I really liked Open Water, the 2003 independent film about a married couple who surface from scuba diving, miles off shore, to discover they've been abandoned by their tour boat. It was a risky movie to make: after all, nearly all the film was shot with two actors neck-deep in water, dog-paddling for their lives in shark infested waters.
Based on a true story, Open Water was original, intense and tragic.
I loved it!
Open Water 2: Adrift never made it to theaters, going instead straight to DVD. That doesn't dissuade me, really. After all, I watched a Morgan Freeman/Kevin Spacey straight-to-Blockbuster-flick a few months ago.
Of course, it was awful and I hated it. I'm just saying...
I was eager to see Adrift because of how much I enjoyed the first Open Water. I knew it had nothing to do with the original, but the idea of being alone and helpless at sea is scarier to me than movies about zombies or werewolves.
Because it's possible.
Adrift centered on five former high school friends who reunite to celebrate a birthday. Four of the five are now couples--two are married with a small child, and two others are dating--while one of the thirty something still lives like a nineteen-year-old. Impulsive, and moment-to-moment. The impulsive one, played by Eric Dane, gathers the group on a yacht and heads out into the blue. After some drinking, the adults hop into the ocean for a quick swim. Everyone is having a grand ol' time until someone realizes:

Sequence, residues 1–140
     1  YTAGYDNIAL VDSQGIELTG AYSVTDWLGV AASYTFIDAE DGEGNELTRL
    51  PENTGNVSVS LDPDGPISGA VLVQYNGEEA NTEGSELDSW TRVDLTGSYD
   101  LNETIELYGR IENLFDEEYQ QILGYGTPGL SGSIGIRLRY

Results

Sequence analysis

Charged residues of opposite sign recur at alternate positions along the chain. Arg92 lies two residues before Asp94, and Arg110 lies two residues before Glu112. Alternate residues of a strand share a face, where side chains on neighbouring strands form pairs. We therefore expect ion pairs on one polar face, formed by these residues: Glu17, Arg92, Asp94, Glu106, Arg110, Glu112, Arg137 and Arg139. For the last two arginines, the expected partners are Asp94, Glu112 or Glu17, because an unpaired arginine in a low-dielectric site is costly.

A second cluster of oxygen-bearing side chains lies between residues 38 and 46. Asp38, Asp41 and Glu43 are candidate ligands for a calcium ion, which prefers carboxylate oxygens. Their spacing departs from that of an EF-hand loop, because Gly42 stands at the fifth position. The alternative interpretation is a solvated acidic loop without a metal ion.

They forgot to put down the freaking ladder!
The yacht--it's not a boat, as Dane's character likes to remind his friends--is impossible to climb. For hours the group tries to get back on board, fighting anxiety, distress and each other. Some fall victim to tragedy, others overcome severe fear to brave through the dilemma.
Adrift isn't a great movie, but it's enjoyable if you like almost-bloodless thrillers. The ending is predictable, and the acting is average. But midway through, I realized I was holding my breath.
That's not a bad indicator that a movie works.